YOKOTA AIR BASE, Japan — Change is in the air at the American Forces Network — just in time for the 2004 Olympic Games.

Officials have mapped out 584 hours of live and recorded Olympics coverage from NBC’s family of networks, which will set the stage for the organization’s Sept. 3 launch of two new television services: AFN Family and AFN Movie.

In addition, AFN Spectrum is being expanded to a 24-hour schedule that will offer new daytime lifestyle programs and more dramas and comedies. It’s currently broadcast in eight-hour cycles to accommodate viewers in the Pacific and European regions.

“This was scheduled to happen last fall,” said Air Force Master Sgt. Tracie Adams, the operations manager for AFN Tokyo. “The launch of the new stations has been in the planning stages for years. For various reasons, they had to delay it.

“It happens to coincide with the Olympics, so that gives us much more flexibility with our coverage.”

While the changes affect all U.S. military bases worldwide, each installation must determine where the new stations will be placed due to the various contracts that exist with commercial cable providers, according to Keith Lebling, AFN Tokyo’s detachment chief. AFN services must be provided free of charge to the military community, however, so they won’t be lumped in with paid channels such as A&E, Comedy Central, Discovery, VH1, MTV and Spike.

At Yokota, six Japanese-language TV stations that sit on the free-tier lineup have been targeted for elimination, he added.

“The services will be available Sept. 3 but because the placeholders on the AFN satellite are there already, AFN has determined they can populate that signal with extra Olympics coverage,” Lebling said. “The services are there, but the location — the pipeline — has not yet been determined. And because most bases have gone to some sort of commercial arrangement, it can’t be done with a magic snap of the fingers.

“The people (at Yokota) will have to decide which of those channels they prefer to keep.”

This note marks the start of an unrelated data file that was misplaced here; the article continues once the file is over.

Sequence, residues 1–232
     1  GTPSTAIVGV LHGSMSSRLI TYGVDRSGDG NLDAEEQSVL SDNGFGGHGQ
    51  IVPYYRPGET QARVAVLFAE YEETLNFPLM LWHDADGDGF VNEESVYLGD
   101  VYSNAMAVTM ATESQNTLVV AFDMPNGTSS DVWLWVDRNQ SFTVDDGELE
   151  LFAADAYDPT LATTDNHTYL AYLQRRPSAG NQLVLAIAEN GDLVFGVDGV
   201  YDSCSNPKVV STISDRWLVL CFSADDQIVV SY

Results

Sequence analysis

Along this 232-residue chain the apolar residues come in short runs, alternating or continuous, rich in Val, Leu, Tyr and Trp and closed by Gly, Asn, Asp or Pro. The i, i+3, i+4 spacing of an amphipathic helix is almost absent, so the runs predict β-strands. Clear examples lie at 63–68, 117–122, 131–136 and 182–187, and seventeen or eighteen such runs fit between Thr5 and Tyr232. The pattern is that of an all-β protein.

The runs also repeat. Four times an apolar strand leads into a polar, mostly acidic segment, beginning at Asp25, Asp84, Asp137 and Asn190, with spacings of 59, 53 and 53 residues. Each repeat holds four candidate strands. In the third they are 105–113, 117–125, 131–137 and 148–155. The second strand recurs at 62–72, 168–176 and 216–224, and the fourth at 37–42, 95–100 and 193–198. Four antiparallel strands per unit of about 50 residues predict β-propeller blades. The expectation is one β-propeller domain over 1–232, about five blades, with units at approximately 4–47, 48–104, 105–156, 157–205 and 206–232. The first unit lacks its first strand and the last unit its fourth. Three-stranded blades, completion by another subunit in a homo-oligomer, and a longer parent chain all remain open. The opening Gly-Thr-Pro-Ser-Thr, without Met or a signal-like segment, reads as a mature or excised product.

Yokota’s 374th Contracting Office is conducting a survey to determine which two will be dropped from the existing free-tier lineup, said Mieko Morita, a base spokeswoman. The forms may be completed at the post office, Yujo Recreation Center and Americable office through Friday.

Officials plan to review the results early next week, she added, but the final call will be made by Col. William Story, the 374th Mission Support Group commander.

AFN will air the Olympics, which were to begin Wednesday in Athens, Greece, and are to end Aug. 29, on several of its stations, according to a Defense Media Center news release.

AFN Sports, Atlantic, Pacific and Korea comprise the primary sources for live coverage. AFN Movie is set to broadcast live feeds from MSNBC and CNBC, while AFN Family will carry tape-delayed events from the Bravo network.

“It’ll still be up to the bases to negotiate with the commercial providers they use locally to find the space or the slot” or the channel on which to put AFN Movie and AFN Family, Lebling said. “Each base does things a little differently, so the amount of extra Olympics coverage depends on the contracts. It’s up to each base to implement the new services.”

AFN Family will provide quality, contemporary family entertainment through a variety of programs aimed at all ages, the news release stated. AFN Movie offers a wide array of movies and specials presented with limited interruptions and complemented by programs that take the viewer behind the scenes of the entertainment industry, the release stated. A major Hollywood film is to premier every Saturday night.

The AFN Atlantic/Pacific/ Korea services are being repackaged as AFN Prime to mark the Sept. 3 debut of Movie and Family.

To accommodate the Olympic Games coverage, AFN will adjust some of its regular TV schedules, which are available at NBC’s schedule of events can be found at

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